At 24, Payne-McIntyre is arguably the first woman shaper in the custom surfboard biz, a venture she dived into in 1996 with customary alacrity after her husband, Shayne — a talented shaper himself — suggested she shape and decorate a board for her college art final. Local surfers who came to the student exhibition gravitated to her shortboard, tricked out in purple flames and yellow glitter, and a word-of-mouth business had begun. In its first year, Shannon Surfboards has sold about 100 boards, mostly to young women just starting out. Her favorite part of the two-day shaping process is painting bright acrylic images — mermaids, devil girls, floral patterns, ocean scenes — onto a board before sending it off to get fiberglassed.
While sales keep rising (her boards sell for $300 to $500), Payne-McIntyre admits that launching a company with only a few hundred dollars in savings and no business plan has made cash flow tricky. But rather than follow the path of many shapers, who design models for computerized mass production, she recently hatched an unconventional plan that she hopes will buoy her nascent enterprise and subsidize her taste for exotic surfing at the same time. In July, she started as a part-time flight attendant for American Airlines, a carrier carefully selected for its Southern Hemisphere ports of call, in particular Trinidad and Tobago. "The money isn't quite there yet," she says. "But I feel very rewarded. If I can keep shaping — and surfing and painting and traveling — all my life, I'll be happy."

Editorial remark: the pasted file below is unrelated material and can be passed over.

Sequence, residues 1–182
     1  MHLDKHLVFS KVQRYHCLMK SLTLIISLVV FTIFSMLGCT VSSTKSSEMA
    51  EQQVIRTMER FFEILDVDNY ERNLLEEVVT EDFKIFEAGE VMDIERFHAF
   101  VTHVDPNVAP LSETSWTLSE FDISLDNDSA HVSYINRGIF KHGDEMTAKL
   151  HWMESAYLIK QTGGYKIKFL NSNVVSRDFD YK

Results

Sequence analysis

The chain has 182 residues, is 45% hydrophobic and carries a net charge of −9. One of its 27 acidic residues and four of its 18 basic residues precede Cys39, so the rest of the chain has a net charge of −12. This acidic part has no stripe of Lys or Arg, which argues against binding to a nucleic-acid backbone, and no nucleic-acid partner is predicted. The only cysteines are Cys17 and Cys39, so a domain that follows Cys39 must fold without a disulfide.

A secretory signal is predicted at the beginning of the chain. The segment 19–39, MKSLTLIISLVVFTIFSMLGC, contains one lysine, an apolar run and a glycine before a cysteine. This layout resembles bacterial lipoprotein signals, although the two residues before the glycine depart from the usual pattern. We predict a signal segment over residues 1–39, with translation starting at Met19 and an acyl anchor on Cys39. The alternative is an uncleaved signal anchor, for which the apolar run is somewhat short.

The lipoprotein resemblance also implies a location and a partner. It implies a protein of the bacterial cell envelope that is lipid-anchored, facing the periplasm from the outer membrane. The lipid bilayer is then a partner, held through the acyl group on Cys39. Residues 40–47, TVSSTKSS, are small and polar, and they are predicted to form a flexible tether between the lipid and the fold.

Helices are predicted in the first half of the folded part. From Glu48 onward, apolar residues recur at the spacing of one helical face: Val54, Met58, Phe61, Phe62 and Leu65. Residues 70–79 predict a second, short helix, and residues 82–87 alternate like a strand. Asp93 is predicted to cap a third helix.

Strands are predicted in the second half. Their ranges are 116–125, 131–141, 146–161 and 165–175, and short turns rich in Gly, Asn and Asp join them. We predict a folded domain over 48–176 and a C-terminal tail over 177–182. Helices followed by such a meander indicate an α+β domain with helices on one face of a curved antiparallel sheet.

After finishing Dartmouth business school and before starting as a foreign-bond trader at a Wall Street investment bank, Ashley Korenblat squeezed in a three-week Grand Canyon raft trip with friends. "At the end, I was riding in the back of a pickup, filthy and tan," she says. "I remember thinking, 'I don't want to go to New York. I want to keep driving around the desert.'" After a 12-year detour, Korenblat, now 37 and the head of a Moab, Utah-based mountain-bike touring company called Western Spirit Cycling, finally got her wish. "I do a lot of that kind of thing now," she says.